When you were little, what was your answer for what you wanted to be when you grew up? Were you going to be an astronaut, or an actor, or a vet, or a mom? Most of us were. As kids, we have this indefinite room to dream and imagine what we want to be. The older we become, the less imaginative our dreams get. We start focusing on what career is the easy way out, or what will make us the most money. We push our dreams aside to fulfill careers that our parents predestined for us. We’re expected to be in the uppity-up at all times. So naturally, what career comes to mind when you think of that? To me, its pre-med. Don’t get me wrong, I give tons of credit to the ones who go into that path and truly have a passion for it. I wish I loved the field, but in reality, I know it isn’t for me and that is okay. While I completely agree that pre-med and similar fields require knowledge and smarts, I don’t find that it should discredit my major either.
If you didn’t already know it, I am a film major. What that has taught me is that probably three-fourths of the population thinks I pick up a camera for five minutes, film whatever there is, and I have a video. I wish it were that easy. Maybe for you that works, but for the rest of us, lots of work goes into the entire process. It’s a process that people fail to see because of all the behind-the-scenes work.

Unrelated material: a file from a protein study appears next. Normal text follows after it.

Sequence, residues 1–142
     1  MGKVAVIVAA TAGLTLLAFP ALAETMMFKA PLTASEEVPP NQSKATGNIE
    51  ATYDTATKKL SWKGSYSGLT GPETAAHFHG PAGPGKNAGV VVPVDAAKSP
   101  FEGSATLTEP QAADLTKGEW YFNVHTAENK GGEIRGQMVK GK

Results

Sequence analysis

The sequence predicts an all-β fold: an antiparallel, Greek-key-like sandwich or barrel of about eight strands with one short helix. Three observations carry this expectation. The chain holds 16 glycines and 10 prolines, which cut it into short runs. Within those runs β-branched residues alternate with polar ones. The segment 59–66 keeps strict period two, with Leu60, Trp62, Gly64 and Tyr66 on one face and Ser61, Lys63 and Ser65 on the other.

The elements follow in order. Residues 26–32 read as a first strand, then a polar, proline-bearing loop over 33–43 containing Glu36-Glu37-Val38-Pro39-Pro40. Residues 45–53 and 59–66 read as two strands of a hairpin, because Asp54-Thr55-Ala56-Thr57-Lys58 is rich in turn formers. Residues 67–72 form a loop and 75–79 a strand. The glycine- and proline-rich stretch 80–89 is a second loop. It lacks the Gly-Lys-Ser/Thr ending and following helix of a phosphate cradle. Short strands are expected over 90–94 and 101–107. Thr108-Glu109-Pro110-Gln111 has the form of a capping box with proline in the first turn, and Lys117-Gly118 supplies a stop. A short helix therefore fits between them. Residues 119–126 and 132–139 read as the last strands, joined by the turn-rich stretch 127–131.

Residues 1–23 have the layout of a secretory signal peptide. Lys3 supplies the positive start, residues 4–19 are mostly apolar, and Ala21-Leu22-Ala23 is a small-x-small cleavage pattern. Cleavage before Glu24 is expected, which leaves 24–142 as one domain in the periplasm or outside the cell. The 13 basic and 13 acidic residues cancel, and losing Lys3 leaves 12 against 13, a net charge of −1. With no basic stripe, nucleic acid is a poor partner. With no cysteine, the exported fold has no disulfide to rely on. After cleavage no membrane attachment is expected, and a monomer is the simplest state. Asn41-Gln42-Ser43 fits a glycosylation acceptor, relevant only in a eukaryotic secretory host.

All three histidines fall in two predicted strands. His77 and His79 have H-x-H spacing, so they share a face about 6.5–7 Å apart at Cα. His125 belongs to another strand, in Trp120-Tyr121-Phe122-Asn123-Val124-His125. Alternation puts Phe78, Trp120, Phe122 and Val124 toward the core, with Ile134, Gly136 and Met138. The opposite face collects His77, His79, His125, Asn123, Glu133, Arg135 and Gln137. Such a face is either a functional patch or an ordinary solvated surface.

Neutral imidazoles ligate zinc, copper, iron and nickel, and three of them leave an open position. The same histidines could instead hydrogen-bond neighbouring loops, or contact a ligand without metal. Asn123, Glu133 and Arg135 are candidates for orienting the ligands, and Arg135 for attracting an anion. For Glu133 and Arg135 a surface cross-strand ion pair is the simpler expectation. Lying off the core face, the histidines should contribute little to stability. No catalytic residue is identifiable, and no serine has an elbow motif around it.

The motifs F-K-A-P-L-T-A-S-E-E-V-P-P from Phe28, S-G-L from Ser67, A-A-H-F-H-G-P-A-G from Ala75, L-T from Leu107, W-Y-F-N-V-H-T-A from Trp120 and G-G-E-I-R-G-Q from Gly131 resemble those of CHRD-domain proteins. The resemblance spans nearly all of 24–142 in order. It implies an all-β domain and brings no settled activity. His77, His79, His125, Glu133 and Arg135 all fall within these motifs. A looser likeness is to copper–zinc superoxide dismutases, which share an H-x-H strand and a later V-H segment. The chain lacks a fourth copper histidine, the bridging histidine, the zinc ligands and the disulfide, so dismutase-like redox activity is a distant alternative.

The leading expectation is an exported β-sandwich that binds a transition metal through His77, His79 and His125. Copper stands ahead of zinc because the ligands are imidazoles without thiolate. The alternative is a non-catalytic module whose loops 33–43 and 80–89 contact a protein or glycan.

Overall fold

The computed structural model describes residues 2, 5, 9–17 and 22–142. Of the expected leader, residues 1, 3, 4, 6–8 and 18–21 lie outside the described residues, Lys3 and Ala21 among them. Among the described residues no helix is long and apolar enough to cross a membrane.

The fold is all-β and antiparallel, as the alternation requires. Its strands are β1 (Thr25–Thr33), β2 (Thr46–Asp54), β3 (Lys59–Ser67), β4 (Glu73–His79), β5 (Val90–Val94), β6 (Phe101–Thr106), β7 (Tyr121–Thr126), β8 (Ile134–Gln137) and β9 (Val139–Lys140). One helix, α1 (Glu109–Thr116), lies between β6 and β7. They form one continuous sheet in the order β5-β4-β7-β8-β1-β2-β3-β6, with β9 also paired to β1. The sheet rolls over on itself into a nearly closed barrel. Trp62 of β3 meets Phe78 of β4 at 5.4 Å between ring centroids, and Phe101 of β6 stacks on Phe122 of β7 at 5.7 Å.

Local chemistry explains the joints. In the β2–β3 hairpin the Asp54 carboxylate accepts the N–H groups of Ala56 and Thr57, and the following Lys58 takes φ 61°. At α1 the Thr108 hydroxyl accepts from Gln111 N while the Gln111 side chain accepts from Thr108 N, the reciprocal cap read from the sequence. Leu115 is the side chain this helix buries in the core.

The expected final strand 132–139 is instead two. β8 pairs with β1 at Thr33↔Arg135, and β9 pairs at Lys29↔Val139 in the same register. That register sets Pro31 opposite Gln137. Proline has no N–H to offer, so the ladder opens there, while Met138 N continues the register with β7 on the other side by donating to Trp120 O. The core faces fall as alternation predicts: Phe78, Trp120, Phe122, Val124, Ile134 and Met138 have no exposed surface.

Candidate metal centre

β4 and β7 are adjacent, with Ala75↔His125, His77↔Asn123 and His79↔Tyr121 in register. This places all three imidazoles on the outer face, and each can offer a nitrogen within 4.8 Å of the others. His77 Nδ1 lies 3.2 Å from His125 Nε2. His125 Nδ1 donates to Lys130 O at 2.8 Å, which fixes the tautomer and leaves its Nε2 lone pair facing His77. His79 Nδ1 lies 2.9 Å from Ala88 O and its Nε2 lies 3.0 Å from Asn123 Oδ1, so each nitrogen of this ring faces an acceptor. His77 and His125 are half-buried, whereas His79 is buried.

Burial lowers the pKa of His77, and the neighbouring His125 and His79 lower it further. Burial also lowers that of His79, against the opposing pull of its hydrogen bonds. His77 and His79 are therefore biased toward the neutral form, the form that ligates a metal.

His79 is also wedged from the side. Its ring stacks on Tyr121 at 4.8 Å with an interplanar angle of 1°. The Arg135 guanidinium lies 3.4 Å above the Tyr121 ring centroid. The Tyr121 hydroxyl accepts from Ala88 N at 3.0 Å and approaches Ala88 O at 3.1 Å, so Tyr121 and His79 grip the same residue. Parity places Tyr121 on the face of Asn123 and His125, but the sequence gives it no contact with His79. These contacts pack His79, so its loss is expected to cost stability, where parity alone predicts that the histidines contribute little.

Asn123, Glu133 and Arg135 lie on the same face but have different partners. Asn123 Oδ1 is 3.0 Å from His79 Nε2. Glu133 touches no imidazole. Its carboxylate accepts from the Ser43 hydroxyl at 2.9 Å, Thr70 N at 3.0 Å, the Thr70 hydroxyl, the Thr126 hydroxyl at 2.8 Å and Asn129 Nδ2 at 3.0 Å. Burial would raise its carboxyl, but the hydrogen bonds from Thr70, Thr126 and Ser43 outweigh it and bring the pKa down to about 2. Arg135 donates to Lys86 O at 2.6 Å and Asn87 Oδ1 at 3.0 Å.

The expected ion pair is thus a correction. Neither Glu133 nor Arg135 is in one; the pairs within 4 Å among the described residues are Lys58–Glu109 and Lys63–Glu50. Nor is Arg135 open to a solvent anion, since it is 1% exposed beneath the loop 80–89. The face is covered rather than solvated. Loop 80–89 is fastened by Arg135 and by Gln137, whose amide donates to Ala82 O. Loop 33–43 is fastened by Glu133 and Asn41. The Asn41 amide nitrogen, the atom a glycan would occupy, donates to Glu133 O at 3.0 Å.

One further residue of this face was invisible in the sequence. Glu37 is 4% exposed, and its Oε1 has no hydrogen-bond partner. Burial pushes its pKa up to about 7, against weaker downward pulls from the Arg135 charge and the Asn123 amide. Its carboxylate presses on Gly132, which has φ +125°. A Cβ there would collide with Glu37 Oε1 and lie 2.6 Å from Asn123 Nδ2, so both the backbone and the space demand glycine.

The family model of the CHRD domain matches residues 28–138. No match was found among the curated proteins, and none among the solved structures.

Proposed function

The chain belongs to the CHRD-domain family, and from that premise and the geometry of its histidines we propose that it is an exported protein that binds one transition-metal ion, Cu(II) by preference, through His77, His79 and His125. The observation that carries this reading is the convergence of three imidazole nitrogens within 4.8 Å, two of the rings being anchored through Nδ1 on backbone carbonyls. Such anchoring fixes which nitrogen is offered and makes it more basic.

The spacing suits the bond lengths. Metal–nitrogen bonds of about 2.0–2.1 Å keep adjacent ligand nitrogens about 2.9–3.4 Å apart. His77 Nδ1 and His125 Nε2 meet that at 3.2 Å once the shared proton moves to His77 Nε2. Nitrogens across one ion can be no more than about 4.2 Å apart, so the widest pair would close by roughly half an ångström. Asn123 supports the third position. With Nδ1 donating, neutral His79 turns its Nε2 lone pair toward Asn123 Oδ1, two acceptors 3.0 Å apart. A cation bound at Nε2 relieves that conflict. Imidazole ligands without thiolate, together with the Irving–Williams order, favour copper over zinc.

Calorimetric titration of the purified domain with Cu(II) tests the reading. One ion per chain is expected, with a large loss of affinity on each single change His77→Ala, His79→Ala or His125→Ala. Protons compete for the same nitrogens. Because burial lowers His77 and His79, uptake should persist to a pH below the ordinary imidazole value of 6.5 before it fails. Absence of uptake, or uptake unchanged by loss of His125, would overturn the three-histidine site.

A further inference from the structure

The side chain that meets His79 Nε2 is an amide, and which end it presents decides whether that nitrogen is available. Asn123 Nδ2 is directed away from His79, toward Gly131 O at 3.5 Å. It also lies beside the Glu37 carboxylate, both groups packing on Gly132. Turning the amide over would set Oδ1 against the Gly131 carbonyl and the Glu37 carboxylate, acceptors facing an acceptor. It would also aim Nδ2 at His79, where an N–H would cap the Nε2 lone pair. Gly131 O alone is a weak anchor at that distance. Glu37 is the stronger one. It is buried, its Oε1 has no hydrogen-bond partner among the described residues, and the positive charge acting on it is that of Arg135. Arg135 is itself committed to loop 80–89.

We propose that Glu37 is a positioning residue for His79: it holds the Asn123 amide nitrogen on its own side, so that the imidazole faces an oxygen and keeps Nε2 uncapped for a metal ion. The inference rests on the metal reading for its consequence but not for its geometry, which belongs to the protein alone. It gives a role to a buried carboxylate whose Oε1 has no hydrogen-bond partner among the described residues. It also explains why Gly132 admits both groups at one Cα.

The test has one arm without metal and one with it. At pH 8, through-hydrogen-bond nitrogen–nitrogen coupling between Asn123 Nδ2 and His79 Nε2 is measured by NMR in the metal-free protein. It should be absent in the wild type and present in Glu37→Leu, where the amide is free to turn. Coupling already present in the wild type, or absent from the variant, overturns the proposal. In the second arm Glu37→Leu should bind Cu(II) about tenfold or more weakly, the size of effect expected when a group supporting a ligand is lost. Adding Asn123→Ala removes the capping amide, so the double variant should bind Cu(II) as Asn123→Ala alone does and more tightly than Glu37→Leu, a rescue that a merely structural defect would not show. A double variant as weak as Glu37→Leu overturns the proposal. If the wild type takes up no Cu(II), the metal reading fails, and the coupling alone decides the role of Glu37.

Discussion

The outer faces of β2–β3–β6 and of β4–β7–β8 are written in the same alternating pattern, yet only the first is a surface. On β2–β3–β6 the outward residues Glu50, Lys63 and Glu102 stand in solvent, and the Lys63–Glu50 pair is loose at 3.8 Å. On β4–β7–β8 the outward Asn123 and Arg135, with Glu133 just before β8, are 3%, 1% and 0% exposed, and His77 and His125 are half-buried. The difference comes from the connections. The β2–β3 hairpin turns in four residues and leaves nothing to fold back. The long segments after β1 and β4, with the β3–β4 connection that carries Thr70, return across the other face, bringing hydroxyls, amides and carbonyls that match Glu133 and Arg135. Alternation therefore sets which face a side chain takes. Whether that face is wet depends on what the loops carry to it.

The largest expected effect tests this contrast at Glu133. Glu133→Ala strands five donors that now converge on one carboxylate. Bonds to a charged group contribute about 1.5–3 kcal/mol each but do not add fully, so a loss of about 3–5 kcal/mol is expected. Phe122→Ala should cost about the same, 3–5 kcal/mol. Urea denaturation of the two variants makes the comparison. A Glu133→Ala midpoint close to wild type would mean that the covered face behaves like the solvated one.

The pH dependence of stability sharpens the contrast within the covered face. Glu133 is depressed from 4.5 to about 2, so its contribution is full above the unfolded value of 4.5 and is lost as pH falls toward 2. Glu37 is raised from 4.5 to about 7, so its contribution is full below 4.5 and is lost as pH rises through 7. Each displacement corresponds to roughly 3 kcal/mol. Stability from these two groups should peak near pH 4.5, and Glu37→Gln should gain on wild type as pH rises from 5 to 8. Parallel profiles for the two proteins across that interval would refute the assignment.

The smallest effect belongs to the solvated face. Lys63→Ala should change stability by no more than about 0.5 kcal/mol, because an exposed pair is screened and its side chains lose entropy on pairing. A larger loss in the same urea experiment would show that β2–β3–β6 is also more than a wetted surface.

If you’ve ever read any of my articles, you’ll realize I love to tell stories. So naturally, it’s story time.
Over the summer, my aunt and cousin decided they wanted to start a vlog on Youtube. However, neither of them realized the work that went into that to make it a ‘good’ vlog. For this particular form of outreach, pre-production wasn’t really needed, so I will save the longevity of that process for another day. (You’re welcome.) The post-production process is what they needed the most help with. Neither my aunt nor cousin knew how to work the editing software on their computer, so I sat them down for Demi’s Editing 101 class. I tried to squeeze as much information as possible into an hour’s time, and honestly, that was only long enough to show them how to make cuts, to piece together videos, detaching audio and adding music or sounds, and the other general components. My aunt’s thoughts at the end were “Wow, I didn’t realize how much work actually went into editing a video. That’s a lot of work.” Yes, yes it is.
Maybe you’re an education major. For starters, you have to know how to handle kids in your class. Everyone comes from a different background and is raised differently. I asked a friend, Adrianna, who is an elementary education major, what she thought was difficult about her major. She brought to light all of the ways she has to know to work with every individual kid in order to make the classroom work. She says that “people can’t just want to be a teacher because they like kids. They have to be prepared to take on every kid acting a different way and learning how to make that function within their class.”
I’m here to say this: whether you’re a pre-med, or whether you decided to do something else is completely your choice. Every major has its own ways of learning, and in each, there is a knowledge one must reach in order to succeed. So, while you aren’t studying anatomy, but instead, you’re practicing voice and piano because you’re a music major, be proud of that moment. We each have something to teach the world no matter what we choose to do.